Ca. Litig. Rev. 2019

Virtual Currency

By Puneet V. Kakkar

Virtual currency-related issues percolated in almost every context in California state and federal courts in 2019—in the regulatory realm, actions commenced by the Securities and Exchange Commission, private class actions in the California superior courts, and in the criminal system. Last year’s California Litigation Review covered the basics on virtual currency, so those fundamentals are not repeated for this year’s review.1

California Regulators Continue to Debate the Implications of Virtual Currency in 2019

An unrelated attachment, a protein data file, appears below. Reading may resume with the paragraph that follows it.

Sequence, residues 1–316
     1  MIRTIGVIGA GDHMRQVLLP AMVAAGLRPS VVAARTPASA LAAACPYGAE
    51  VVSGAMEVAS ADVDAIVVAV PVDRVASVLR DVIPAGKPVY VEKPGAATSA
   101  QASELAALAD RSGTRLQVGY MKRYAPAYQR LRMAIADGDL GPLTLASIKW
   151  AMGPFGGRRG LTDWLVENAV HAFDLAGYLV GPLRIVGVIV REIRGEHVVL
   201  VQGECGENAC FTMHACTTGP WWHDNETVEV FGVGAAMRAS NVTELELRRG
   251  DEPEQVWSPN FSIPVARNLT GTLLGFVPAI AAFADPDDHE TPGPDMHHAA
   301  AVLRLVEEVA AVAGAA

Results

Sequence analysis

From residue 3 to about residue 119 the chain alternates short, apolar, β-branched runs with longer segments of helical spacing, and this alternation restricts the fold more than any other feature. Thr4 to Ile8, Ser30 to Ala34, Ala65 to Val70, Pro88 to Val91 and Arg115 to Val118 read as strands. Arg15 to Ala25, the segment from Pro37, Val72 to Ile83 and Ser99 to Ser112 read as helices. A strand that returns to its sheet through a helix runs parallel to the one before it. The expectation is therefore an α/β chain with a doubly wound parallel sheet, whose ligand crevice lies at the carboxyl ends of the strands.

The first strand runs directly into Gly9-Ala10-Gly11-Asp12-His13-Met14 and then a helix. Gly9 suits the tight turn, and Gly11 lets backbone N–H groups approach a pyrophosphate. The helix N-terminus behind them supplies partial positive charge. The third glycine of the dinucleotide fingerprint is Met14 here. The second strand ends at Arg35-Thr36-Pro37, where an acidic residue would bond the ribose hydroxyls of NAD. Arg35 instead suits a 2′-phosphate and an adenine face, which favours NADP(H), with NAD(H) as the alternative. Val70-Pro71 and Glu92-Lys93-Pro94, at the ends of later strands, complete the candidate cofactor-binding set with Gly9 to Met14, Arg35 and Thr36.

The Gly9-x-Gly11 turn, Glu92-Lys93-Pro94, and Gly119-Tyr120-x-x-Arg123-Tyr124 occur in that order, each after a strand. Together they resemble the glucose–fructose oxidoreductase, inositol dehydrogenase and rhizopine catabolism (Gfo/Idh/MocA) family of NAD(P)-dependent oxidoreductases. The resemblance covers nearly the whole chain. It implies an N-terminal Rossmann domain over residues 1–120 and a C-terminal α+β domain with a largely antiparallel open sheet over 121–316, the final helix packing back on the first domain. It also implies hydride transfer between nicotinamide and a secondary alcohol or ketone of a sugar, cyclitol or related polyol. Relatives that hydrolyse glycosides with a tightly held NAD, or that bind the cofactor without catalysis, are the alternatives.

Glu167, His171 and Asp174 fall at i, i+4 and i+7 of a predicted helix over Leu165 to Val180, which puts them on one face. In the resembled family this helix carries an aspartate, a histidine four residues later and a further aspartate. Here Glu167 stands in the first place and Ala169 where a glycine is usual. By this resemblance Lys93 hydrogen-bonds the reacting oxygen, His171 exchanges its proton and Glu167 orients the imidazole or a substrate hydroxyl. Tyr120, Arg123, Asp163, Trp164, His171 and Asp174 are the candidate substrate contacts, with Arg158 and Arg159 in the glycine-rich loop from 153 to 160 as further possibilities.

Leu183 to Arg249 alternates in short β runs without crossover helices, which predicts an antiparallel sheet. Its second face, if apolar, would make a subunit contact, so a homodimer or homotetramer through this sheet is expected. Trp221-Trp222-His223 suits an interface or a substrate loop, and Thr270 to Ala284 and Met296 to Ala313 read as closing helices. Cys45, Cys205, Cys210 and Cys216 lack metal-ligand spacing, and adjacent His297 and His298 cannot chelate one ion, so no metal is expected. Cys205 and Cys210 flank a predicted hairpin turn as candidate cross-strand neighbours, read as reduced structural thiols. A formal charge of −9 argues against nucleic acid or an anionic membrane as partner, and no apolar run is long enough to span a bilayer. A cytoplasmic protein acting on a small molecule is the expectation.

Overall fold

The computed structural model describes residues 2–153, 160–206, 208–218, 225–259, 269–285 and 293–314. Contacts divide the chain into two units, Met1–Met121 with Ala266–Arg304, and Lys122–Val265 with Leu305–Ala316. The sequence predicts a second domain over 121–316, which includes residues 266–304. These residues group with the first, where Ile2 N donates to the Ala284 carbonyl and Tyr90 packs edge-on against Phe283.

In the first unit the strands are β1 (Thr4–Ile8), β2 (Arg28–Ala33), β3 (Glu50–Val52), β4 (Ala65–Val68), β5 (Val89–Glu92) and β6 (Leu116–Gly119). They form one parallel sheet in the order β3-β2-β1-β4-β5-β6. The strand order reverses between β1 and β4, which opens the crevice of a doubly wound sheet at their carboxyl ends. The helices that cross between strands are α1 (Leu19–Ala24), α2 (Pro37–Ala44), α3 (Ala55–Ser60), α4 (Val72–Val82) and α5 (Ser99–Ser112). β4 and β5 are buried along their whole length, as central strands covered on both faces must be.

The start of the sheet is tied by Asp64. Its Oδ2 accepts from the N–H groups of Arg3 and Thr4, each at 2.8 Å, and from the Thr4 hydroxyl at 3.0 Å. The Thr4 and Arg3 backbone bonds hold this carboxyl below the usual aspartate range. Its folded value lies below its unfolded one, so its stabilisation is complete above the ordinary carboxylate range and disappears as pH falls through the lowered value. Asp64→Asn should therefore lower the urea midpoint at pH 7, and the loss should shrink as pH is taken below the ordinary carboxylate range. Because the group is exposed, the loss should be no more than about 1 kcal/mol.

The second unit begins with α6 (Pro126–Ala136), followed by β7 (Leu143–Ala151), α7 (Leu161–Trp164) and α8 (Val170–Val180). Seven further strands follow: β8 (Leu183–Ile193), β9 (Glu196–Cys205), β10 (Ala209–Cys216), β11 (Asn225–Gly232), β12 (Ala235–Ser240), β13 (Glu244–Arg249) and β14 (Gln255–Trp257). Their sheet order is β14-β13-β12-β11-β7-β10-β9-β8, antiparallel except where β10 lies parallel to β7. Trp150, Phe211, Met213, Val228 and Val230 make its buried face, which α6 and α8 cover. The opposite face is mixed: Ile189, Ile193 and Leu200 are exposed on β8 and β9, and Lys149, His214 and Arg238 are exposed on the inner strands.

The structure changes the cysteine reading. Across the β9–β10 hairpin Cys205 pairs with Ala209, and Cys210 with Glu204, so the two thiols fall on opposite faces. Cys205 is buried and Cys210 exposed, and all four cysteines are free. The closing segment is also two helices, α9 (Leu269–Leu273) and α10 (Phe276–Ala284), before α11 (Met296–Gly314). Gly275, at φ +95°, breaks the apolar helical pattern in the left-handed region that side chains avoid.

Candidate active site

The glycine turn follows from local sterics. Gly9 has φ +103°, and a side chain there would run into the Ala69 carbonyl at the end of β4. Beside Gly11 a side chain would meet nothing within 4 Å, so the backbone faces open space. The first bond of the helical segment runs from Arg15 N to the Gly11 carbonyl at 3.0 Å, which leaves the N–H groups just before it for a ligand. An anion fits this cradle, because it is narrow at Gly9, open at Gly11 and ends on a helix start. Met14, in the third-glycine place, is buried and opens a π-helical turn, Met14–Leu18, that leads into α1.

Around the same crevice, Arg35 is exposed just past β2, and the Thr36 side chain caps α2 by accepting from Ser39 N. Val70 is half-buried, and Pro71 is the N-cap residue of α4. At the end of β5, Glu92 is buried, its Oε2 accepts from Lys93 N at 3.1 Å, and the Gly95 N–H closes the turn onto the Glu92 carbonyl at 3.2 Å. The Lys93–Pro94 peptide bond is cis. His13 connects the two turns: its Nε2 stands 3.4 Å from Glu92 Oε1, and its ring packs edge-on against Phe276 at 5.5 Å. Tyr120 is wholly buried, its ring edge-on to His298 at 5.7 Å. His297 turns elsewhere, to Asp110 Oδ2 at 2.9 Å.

The California legislature was unsuccessful in enacting a law governing virtual currency businesses this past year. It remains an open question in California the extent to which virtual currency businesses must obtain state licenses to transact, in contrast to states such as New York, where certain persons or entities must obtain a BitLicense.2 In 2019, California legislators introduced a version of the Uniform Law Commission’s model act for virtual currency businesses,3 which would have, among other things, required persons or companies who have the "power to execute unilaterally or prevent indefinitely a virtual currency transaction" to obtain a license from the Department of Business Oversight.4 Though the bill was referred to the Assembly Committees on Banking and Finance and Privacy and Consumer Protection, the bill died as of January 31, 2020.5 Meanwhile, the Division of Financial Institutions of the Business Oversight Department has released opinion letters issued to various entities noting that though the Department "has been studying the cryptocurrency industry closely . . . the Department has not concluded whether Bitcoin and other cryptocurrencies are a form of money."6

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